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Sweden seen from abroad: Modern and progressive - or just extreme?

Published onsdag 16 december 2015 kl 16.22
"In many areas, we have extreme values"
(7:25 min)
Reporters Jörgen Huitfeldt and Magnus Thorén (and his son). Photo: Alexander Donka/Sveriges Radio
Reporters Jörgen Huitfeldt and Magnus Thorén (and his son). Photo: Alexander Donka/Sveriges Radio

A new radio documentary called Föregångslandet (the Frontrunner Country) explores Sweden's self-image - and how people abroad see it. The rhetorical question is "are people in other countries as impressed by us as we are?"

The reporters Jörgen Huitfeldt and Magnus Thorén travel to other countries to get an outside view of some Swedish core values. They have chosen to focus the series on child rearing, family life and openness in terms of generous migration policies.

"Swedes in general are very proud of their country and of how developed it is. You know: the welfare state, equality between men and women and how children are raised here, we consider ourselves progressive and modern," said Jörgen Huitfeldt.

In the series, they meet a house wife in Holland, who thinks the Swedish family life is a ticket to exhaustion and burn-out and a poet in Norway who puts Sweden's (up until recently) generous migration policies down to a sense of guilt for not standing up to Hitler during the second world war.

They also meet up with the Italian father who was sentenced by a Swedish court a few years ago after witnesses saw him smack his 12-year-old son on a street in Stockholm. To him, children in Sweden have too much power and responsibility, making them more insecure than their Italian peers.

The starting point for the series is the two reporters, who take their Swedish-ness with them on the journey, curiously investigating what other people think of the lives lived here. Magnus Thorén was particularly struck by the reaction from Sandra, the Dutch housewife. She was very unimpressed by the example set by many Swedish families, where both parents work full-time and profess to sharing the household work equally.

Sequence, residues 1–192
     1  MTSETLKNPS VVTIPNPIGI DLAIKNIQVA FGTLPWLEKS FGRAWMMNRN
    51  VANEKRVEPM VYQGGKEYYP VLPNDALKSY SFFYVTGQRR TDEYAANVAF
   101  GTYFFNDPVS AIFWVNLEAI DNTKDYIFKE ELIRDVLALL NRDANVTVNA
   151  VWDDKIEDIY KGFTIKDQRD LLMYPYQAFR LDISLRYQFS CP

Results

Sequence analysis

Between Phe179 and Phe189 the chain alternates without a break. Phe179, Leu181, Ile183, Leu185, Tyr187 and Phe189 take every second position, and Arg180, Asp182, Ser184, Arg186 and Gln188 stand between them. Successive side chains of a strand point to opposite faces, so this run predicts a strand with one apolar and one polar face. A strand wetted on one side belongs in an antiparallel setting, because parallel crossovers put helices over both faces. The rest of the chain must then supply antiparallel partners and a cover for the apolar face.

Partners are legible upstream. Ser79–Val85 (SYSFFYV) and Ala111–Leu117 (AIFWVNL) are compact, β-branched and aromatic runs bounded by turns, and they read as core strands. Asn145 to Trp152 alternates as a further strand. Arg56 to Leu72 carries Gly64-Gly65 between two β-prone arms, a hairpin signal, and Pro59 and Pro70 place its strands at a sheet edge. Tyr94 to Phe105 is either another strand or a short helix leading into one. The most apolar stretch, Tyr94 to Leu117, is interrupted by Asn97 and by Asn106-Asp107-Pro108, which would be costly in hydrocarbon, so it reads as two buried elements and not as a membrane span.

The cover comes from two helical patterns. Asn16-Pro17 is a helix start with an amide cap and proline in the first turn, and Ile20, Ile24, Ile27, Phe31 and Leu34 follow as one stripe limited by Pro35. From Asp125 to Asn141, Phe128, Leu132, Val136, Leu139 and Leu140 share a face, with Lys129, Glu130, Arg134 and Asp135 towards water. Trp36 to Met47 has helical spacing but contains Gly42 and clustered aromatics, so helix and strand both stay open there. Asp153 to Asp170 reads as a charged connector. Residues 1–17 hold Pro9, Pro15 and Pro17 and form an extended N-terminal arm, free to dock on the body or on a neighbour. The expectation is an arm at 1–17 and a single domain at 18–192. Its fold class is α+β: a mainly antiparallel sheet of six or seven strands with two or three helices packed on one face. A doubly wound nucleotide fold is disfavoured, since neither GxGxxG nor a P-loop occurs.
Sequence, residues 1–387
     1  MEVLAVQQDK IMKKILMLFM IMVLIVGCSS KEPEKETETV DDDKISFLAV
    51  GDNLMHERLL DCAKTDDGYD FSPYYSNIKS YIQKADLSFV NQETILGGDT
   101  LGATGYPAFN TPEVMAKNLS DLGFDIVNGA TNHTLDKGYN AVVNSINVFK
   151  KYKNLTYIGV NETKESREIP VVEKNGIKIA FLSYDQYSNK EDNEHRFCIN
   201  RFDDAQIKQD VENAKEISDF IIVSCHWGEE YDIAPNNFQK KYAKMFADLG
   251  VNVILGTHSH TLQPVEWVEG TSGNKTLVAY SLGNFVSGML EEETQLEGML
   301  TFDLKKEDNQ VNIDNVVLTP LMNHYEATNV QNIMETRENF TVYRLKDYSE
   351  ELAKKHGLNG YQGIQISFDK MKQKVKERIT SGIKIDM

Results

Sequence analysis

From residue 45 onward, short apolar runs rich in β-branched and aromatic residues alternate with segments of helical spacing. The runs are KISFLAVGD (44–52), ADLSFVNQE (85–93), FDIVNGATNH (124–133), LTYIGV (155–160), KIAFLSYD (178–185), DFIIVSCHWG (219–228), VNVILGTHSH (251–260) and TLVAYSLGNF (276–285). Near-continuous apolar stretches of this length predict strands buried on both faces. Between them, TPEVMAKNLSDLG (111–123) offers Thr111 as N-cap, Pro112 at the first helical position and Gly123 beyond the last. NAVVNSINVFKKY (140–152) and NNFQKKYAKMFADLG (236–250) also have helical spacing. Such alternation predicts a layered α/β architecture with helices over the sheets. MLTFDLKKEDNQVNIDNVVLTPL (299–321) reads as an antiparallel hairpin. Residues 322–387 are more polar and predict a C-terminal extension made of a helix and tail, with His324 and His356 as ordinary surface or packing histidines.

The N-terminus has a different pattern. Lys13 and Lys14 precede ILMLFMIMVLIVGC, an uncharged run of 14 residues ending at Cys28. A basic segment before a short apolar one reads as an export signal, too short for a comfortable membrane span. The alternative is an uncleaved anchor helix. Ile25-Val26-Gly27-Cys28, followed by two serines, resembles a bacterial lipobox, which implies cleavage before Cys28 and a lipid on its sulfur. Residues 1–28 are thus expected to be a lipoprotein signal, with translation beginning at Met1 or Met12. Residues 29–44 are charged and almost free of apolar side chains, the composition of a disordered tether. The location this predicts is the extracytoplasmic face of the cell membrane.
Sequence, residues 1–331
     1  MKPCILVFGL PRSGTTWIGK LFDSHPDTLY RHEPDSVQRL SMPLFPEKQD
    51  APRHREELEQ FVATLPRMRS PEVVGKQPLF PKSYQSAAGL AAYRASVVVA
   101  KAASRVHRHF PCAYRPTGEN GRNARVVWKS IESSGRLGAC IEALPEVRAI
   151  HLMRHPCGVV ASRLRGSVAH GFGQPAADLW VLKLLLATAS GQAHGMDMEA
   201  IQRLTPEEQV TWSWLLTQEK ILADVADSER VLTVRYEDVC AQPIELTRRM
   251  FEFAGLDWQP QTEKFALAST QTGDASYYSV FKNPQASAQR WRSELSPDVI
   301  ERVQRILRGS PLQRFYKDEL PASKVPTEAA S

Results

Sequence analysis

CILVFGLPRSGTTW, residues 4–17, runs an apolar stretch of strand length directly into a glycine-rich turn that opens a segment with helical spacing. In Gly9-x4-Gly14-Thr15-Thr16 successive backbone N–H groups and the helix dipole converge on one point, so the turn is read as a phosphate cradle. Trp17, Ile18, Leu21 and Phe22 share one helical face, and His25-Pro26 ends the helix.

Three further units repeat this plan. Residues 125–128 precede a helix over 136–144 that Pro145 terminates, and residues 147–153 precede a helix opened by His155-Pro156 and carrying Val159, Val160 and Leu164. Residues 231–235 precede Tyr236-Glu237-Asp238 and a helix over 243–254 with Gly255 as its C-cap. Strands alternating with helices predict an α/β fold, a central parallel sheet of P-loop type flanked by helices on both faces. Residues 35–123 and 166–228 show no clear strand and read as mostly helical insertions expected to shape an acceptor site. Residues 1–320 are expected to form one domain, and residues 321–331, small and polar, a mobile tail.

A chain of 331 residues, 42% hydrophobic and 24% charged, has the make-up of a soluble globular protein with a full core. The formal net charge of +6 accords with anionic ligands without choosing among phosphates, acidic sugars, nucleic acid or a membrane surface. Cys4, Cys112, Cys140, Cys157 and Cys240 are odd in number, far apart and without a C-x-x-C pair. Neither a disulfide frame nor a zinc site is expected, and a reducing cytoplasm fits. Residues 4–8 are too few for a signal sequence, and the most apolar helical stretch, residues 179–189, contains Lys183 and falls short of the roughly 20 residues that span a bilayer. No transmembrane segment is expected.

"It is not a question of whether the wife should stay at home and the husband should go to work and provide for the family. It is more about: do we have to work this much? Do we have to do all these things? A lot of Swedes are really stressed, you can see that in surveys, we are a very stressed people. Maybe that is more the question. Not to go back to how the society was in the 1950," says Magnus Thorén.

Do you want to share your thoughts and experiences on what sets Sweden apart from other countries? What do you think of the image that Swedes have of themselves and their country?

Join the debate by using the hash-tag #föregångslandet in social media or do an internet search for Föregångslandet i P1 to find out more.

Our journalism is based on credibility and impartiality. Swedish Radio is independent and not affiliated to any political, religious, financial, public or private interests.
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